Post by boatlady on Wed Jan 15, 2014 11:40 am

Just to add my threepennorth on this contentious issue ----

There are two aspects to this as far as I can see:-
1) Fergus Wison (and any other private landlord) is a businessman, and according to the rules currently governing their business they are motivated first, last and all the time by the profit margin - which is after all the function of business within a capitalist economy. Private landlords are selling a resource within a free market and are entitled to seek to maximise profit and minimise risk to themselves - that is what they are in business for. To my mind, this is ethically neutral - it's the way things run. You can no more criticise him for doing this than I can criticise my cat for killing mice.

2) Where the ethics come in, to my mind, is in the assumption on the part of government and society in general that the ESSENTIALS of civilised life can safely and fairly be provided within an unregulated market. Clearly, they can't, as the action of Mr Wilson and no doubt others after him demonstrates. If you are going to have a free market place, it's inevitable that some will profit at the expense of others. This, to my mind, is where government comes in - in providing either regulation of the market to ensure greater fairness, or in providing the essentials of civilised life divorced from market forces. There is to my mind a place for privately rented accomodation, and that is in terms of providing housing for those who can afford to make the choice and choose not to own their own property, and as a temporary solution for those who will never own their home and are waiting for appropriate social housing to be available. The other alternative would be VERY strict regulation of private rentals, which would not be welcomed by many private landlords as it would reduce profit margins by lowering rents, protecting the rights of tenants and requiring landlords to invest heavily in the improvement and maintenance of their properties.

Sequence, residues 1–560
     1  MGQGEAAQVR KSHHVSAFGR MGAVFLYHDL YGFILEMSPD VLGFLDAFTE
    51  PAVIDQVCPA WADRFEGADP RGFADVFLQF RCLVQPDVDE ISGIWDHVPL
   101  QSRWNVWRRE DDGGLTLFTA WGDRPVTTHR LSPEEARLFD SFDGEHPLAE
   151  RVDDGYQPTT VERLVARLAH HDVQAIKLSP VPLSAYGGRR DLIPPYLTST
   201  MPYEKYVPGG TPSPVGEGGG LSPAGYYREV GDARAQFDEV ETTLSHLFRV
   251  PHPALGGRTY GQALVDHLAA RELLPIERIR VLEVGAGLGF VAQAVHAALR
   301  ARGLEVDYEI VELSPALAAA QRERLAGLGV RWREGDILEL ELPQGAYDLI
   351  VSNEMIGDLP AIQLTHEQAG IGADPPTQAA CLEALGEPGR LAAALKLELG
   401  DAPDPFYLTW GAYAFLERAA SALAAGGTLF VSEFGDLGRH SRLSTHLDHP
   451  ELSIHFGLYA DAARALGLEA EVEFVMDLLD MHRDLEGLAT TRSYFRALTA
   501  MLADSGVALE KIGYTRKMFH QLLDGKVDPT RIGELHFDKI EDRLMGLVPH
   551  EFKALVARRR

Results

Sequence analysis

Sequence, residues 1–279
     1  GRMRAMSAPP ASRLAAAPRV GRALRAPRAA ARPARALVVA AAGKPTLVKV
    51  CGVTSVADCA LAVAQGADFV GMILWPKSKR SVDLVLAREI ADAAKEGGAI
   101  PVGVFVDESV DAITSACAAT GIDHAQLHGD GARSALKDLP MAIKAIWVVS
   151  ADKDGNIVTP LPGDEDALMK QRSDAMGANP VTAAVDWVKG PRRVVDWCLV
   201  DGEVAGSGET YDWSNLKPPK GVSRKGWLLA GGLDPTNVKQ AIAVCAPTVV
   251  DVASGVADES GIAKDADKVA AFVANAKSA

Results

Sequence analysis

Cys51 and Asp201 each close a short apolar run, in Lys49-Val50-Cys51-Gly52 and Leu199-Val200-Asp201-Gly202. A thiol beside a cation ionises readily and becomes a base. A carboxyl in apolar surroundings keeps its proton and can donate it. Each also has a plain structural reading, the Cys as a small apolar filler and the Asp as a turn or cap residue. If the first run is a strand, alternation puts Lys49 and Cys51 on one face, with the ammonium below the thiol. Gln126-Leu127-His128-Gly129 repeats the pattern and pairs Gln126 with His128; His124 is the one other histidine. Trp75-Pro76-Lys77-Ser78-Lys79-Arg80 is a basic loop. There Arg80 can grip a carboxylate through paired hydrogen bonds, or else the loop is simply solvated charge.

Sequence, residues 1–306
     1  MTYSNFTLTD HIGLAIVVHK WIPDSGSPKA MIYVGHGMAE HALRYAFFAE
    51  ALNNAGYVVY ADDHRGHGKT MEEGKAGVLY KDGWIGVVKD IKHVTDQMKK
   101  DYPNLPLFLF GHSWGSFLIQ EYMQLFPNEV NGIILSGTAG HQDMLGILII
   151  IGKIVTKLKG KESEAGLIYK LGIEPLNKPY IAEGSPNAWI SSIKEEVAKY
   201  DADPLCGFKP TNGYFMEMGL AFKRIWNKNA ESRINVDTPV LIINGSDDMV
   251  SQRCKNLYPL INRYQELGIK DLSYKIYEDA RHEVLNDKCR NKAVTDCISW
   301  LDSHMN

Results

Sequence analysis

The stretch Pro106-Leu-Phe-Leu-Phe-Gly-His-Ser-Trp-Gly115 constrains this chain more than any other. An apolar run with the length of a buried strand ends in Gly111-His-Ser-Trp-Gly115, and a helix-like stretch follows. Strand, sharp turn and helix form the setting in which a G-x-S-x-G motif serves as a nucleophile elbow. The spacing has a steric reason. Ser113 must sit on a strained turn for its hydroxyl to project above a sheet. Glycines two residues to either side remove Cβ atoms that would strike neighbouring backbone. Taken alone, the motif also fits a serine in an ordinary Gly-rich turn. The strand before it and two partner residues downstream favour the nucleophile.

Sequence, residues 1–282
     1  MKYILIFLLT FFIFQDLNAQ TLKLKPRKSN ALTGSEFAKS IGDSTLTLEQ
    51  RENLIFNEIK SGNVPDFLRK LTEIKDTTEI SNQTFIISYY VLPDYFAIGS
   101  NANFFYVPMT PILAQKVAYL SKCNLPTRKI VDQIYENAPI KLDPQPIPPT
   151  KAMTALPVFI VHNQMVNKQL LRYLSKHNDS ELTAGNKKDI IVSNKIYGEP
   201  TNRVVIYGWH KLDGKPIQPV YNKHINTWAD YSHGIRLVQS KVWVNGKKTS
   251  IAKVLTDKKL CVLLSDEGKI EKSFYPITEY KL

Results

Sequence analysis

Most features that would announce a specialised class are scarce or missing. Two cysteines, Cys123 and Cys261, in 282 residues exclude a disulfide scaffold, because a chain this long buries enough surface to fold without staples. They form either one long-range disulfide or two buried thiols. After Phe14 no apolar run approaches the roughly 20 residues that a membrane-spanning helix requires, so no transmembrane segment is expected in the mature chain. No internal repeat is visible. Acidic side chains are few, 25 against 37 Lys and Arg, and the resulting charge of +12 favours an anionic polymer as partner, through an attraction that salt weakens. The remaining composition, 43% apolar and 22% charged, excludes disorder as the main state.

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Re: 'Scroungers' are irrelevant to the 'fairness'/benefits issue. Here's why the government is really obsessed with them

Post by oftenwrong on Wed Jan 15, 2014 12:10 pm

I can't understand the dual thinking about housing benefit. As a result of continuous right-wing press opposition to all things welfare, the money received by tenants is somehow dirty, smells of poverty, and is possibly swindled.

That same money becomes magically transformed upon reaching the bank account of a wealthy landlord into justified reward for a respectable businessperson's legitimate effort.

It's taxpayers' money, but some taxpayers know a way to claw some of it back, for which they are apparently to be admired.
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Re: 'Scroungers' are irrelevant to the 'fairness'/benefits issue. Here's why the government is really obsessed with them

Post by Dan Fante on Wed Jan 15, 2014 12:13 pm

Well said, Boatlady.
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Re: 'Scroungers' are irrelevant to the 'fairness'/benefits issue. Here's why the government is really obsessed with them

Post by Bellatori on Wed Jan 15, 2014 2:04 pm

bobby wrote:My last post was as much off topic as was your  post in question .
Why I queried it was that after reading,
"In this time of constraint who willingly throws money away particularly if, like me, you only have a pension?" then whilst reading through the members profiles as one occasionally does in case I recognise someone from my early days on MSN, I noticed your Web Site advertising your expertise in the land of computer fixing etc. and given that your entry to this site was only 2013. 10.11 I assumed it to be current, you see I only advertise what I have and can supply, not a business failure of two years ago.
Anyway if I have it wrong you have my profound apologies.